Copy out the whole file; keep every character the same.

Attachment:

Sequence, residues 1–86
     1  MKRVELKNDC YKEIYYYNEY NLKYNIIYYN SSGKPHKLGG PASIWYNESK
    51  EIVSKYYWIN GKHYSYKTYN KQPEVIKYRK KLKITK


Sequence, residues 1–86
     1  MKRVELKNDC YKEIYYYNEY NLKYNIIYYN SSGKPHKLGG PASIWYNESK
    51  EIVSKYYWIN GKHYSYKTYN KQPEVIKYRK KLKITK